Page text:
Yes, it's a physics related question. Read on.

I know from general knowledge that in order to produce a decent wine, you must keep it in a dark place. Therefore, from my knowledge of physics I guess that the process of wine making doesn't need much energy (I mean the reactions etc). Also I presume it gets the energy from visible light, IR, UV light and all the electromagnetic spectrum. However, you can see most of the wine bottles are painted in dark colors, which brings me to think that they attract more energy from electromagnetic waves than they would if they were painted in brighter colors. However, in those cellars they're kept in, hardly any light goes inside, but still wouldn't it be more efficient to paint them in solid (so you can't see through) colors (white spray, duh)?


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    $\begingroup$ It is customary to include a question in one's questions. $\endgroup$ – horatio Jul 6 '12 at 19:14

[not really a physics question... maybe more like Chemistry?]

As far as I know, wine bottles are not "painted" at all. It's the glass of the bottle itself that is tinted with a dark color. It would probably take more effort (and more cost) to actually paint the outside of the bottle. It's simply easier to tell people to keep the wine out of sunlight. (And of course wine connoisseurs will always prefer tinted glass bottles for aesthetic value)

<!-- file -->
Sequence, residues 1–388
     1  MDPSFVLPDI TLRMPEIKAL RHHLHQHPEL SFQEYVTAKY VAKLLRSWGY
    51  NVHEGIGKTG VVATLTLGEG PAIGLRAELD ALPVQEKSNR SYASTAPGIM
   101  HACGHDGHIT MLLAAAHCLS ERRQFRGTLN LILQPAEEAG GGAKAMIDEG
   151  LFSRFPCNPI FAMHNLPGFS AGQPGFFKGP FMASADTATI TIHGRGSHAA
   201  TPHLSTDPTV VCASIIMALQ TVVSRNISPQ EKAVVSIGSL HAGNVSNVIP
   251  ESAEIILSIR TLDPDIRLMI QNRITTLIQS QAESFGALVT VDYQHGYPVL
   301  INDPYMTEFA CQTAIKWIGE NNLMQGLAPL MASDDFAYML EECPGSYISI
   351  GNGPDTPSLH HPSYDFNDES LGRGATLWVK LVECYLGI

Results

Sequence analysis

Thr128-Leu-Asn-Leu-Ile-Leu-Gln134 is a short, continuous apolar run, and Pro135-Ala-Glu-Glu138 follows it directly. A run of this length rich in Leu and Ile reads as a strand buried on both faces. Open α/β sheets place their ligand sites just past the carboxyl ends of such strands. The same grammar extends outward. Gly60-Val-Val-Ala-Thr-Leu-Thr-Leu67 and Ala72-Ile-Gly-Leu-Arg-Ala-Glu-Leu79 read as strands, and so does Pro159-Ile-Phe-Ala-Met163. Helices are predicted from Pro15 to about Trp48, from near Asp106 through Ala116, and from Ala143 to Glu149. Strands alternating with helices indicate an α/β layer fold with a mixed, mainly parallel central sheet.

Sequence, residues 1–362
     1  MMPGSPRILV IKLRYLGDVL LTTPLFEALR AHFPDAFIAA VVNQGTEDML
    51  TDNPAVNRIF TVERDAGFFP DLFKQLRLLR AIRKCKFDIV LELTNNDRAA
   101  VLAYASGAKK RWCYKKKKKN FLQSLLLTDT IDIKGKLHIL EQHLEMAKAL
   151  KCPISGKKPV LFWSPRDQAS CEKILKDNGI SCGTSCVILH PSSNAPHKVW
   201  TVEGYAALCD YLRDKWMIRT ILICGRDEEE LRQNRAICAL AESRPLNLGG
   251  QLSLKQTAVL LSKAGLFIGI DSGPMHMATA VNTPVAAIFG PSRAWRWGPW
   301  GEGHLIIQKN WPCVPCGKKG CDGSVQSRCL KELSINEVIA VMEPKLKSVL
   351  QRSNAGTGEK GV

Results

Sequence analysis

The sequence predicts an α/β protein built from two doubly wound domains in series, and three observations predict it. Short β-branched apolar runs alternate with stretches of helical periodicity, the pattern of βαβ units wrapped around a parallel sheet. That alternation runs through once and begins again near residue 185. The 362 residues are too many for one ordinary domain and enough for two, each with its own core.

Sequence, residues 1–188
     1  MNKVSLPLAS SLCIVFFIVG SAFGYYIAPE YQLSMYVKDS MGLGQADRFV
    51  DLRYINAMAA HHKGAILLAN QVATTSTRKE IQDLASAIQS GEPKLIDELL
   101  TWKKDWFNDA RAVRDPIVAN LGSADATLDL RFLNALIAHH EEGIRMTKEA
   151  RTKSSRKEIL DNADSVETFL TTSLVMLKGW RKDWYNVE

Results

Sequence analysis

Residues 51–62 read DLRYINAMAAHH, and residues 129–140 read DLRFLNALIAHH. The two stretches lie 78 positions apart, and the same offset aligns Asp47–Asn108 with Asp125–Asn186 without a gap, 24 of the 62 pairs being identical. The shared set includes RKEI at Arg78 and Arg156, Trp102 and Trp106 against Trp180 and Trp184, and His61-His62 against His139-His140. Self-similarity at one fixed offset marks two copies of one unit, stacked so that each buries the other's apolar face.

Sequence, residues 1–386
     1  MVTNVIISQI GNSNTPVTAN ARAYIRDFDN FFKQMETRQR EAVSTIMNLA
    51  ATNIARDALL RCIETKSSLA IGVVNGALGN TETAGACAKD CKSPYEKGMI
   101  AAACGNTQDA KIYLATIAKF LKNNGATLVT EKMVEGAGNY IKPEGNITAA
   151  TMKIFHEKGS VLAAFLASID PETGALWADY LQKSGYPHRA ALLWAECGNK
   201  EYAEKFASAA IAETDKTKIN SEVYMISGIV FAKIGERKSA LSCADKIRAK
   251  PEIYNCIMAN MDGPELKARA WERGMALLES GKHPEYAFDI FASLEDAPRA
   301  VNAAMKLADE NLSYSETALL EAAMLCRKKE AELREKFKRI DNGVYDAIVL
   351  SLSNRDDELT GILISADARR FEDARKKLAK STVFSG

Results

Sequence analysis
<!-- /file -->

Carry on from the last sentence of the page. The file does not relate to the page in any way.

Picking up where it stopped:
Straight out of Wikipedia:

The main reason for using coloured or tinted glass is that natural sunlight can break down desirable antioxidants such as vitamin c and tannins in a wine over time, which impacts storability and can cause a wine to prematurely oxidise. Dark glass can prevent oxidation and increase storage life. It is therefore mostly ready-to-drink white wines with a short anticipated storage lifespan which are bottled in clear colourless bottles.

Another important reason that wine is kept in a cellar is to maintain a more constant (and cooler) temperature.


1) The energy for the fermentation process comes from the sugars in the grapes. Yeast and other microflora aerobically extract energy from the sugars producing alcohol as a waste product of the process.

2) I doubt that the dark glass plays much of a practical role. More likely, it is simply tradition dating back from when clear glass was very expensive. Real glass is opaque to UV radiation and it is UV that does 99% of chemical degradation. Likewise, the practice of storing wine in a cool, dark place probably just comes from the pre-climate control era when dark cellars or caves were the only stable thermal environments.

3) Today, white wines are routinely put in clear glass bottles and you will sometimes see red wines in clear bottles as well. However, since everyone associates dark bottles with red wine, it's a marketing risk to do so. Cultural inertia is hard to overcome.


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